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State Department gets second chance to list Hillary Clinton accomplishments; it doesn't go well

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Politics,Beltway Confidential,Opinion,Byron York,Hillary Clinton,2016 Elections,State Department

On Tuesday, State Department spokeswoman Jen Psaki appeared flustered when she was asked a question concerning one of former Secretary of State Hillary Clinton's main legacies at Foggy Bottom. It was something called the Quadrennial Diplomacy and Development Review, known around the Department by the clunky acronym QDDR, and it was created by Secretary Clinton in 2010 to "provide a sweeping assessment of how the Department of State … can become more efficient, accountable, and effective."

When Psaki announced that the 2014 edition of the QDDR is now underway, to "build on the foundation established by the 2010 review," Associated Press reporter Matt Lee asked: "Off the top of your head, can you identify one tangible achievement that the last QDDR resulted in?"

Psaki could not. "Well, Matt, obviously it’s an extensive, expansive process," she began. Noting that she came to the State Department after the first review was finished, Psaki said, "I am certain that those who were here at the time, who worked hard on that effort, could point out one."

"So I’m sure there are a range of things that were put into place that I’m not even aware of were a result," Psaki concluded.

"I won't hold my breath," said Lee.

Psaki's non-answer created an obviously embarrassing situation for the Department, and on Wednesday Psaki came to the briefing with an answer ready to go. "After the 2010 QDDR," she began:

Economic statecraft, which as you know is a big part of what Secretary Clinton did when she was traveling overseas, became a — a stronger emphasis was placed on trade promotion, investment, and leveling the economic playing field. That’s something the Secretary has continued to support. As he often says, economic policy is foreign policy, and that’s one of the roles that we can play here at the State Department and our diplomats play around the world.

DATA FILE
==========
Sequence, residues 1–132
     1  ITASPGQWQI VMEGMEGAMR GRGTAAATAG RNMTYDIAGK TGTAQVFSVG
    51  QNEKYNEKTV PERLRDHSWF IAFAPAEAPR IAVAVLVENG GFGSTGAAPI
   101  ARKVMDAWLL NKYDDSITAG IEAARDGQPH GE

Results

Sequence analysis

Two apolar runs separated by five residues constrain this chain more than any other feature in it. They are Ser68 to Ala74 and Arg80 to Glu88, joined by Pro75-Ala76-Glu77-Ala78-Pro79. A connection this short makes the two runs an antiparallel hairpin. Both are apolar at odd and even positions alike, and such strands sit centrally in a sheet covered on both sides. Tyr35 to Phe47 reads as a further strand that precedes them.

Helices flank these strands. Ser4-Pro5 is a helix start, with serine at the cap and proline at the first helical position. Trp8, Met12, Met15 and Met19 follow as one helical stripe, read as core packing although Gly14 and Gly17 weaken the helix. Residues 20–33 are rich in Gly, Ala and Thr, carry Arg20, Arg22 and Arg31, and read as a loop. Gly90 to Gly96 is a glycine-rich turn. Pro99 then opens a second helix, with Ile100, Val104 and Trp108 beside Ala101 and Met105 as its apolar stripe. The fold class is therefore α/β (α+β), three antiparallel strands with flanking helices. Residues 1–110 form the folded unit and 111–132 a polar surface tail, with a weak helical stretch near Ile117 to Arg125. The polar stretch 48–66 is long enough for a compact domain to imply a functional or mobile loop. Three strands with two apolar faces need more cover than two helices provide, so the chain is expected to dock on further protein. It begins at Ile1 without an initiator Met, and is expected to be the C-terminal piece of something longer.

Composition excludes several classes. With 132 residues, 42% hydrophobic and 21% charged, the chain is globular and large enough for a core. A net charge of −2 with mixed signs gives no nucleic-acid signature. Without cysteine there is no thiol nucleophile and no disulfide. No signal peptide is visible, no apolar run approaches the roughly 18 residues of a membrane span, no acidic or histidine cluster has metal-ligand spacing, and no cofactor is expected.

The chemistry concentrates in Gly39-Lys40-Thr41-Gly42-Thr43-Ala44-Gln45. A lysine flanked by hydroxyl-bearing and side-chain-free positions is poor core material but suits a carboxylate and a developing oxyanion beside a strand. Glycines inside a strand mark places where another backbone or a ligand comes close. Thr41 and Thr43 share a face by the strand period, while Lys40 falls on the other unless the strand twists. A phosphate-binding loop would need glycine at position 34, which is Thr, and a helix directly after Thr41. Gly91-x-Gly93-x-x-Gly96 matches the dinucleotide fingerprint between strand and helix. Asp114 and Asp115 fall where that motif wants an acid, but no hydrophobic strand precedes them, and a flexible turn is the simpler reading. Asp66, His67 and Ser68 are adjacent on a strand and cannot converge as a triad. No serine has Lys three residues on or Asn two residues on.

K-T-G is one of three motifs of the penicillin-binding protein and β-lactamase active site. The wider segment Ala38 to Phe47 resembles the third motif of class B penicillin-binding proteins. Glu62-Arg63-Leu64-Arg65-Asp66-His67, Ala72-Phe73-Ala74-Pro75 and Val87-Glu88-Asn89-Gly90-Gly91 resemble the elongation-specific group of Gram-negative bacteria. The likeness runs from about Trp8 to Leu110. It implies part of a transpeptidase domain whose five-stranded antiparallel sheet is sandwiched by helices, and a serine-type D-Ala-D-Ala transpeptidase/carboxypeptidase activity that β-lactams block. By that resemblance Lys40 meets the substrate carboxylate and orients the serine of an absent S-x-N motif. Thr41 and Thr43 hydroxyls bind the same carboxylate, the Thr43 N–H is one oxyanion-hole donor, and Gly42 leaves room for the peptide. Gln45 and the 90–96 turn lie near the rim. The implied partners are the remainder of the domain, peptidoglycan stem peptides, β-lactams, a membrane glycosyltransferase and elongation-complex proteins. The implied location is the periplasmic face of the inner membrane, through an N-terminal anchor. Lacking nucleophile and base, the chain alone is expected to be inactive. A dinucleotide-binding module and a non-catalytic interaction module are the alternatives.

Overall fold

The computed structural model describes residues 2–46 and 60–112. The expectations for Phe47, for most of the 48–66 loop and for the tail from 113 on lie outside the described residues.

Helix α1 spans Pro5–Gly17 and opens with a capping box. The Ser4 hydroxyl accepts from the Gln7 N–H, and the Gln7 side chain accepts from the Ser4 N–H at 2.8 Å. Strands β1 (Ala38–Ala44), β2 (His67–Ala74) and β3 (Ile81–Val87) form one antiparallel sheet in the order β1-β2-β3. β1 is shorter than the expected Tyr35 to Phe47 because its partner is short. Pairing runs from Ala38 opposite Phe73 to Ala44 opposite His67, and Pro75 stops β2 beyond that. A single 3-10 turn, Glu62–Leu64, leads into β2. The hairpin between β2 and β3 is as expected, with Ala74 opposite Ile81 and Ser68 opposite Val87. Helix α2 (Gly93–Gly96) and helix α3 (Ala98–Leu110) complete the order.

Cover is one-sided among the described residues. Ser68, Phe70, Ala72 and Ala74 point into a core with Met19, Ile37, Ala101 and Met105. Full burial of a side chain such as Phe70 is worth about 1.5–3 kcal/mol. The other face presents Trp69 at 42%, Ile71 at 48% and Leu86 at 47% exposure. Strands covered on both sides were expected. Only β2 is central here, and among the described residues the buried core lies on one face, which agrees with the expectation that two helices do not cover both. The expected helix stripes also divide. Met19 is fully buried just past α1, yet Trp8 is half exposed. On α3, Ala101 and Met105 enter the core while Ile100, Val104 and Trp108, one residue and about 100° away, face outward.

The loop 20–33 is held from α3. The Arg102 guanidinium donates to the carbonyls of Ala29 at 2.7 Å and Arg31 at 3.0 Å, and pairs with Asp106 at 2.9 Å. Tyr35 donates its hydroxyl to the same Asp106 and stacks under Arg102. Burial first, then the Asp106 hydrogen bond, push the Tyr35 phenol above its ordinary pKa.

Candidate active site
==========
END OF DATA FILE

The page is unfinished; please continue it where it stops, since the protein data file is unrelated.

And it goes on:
We also — as a result of the 2010 QDDR, we also now have a fuller integration of women and girls into our policy framework – planning and budgeting, program monitoring and evaluation, and management and training. That continues to be a big priority for the State Department, promoting women and girls around the world.

The QDDR also — the 2010 QDDR also reorganized and created bureaus to address the needs of the 21st century — of 21st century diplomacy that we’re seeing in effect today. So that includes a reorganization of the Under Secretary for Economic Growth, Energy, and the Environment. As you all know, and we talk about frequently in here, the ENR Bureau and the work they’re doing on energy issues, which is newer to the State Department — relatively so — is vital in places like Ukraine. We’re seeing that today.

It also established the Under Secretary for Civilian Security, Democracy, and Human Rights, and established, as I already touched on, three new bureaus, including the Bureau for Counterterrorism, which of course, is one that we work quite a bit with.

So I just wanted to highlight that as a follow-up.

There it was. With plenty of time to prepare, the State Department came up with a number of mostly bureaucratic reorganizations as the legacy of Secretary Clinton's QDDR. Lee was not impressed. "Were there any of these that didn’t simply involve rearranging of the bureaucratic deck chairs or shuffling responsibilities between one bureau to another or creating a new level of bureaucracy?" he asked. "Were any of the accomplishments in — outside of that, those areas?"

"Absolutely, Matt," answered Psaki. "I would say the whole process, if it works well, as it did in 2010, or leading up to 2010, is to better determine priorities and how to make things work better in a large functioning bureaucracy."

After a bit of back-and-forth, Lee tried again: "I'm asking for actual demonstrable outcomes, not the creation of a new position or a new job." Lee wondered whether beyond turning this office into that bureau, or signaling that this or that issue would now be a priority for the Secretary of State — whether beyond that sort of organizational business the QDDR had actually done things. After an exchange about the accomplishments, or lack of accomplishments, of a Clinton-created entity known as the Energy and Resources Bureau, Lee and Psaki appeared to call it a draw, and the briefing ended.

Hillary Clinton's memoir of her time as secretary of state, "Hard Choices," is scheduled to come out in June. If, as many observers believe, it is part of the rollout of Clinton's 2016 presidential candidacy, the recent statements from the State Department raise a question: Will voters care if Clinton reorganized the Under Secretary for Economic Growth, Energy, and the Environment? Or will they be looking for something much, much bigger?

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Byron York

Chief Political Correspondent
The Washington Examiner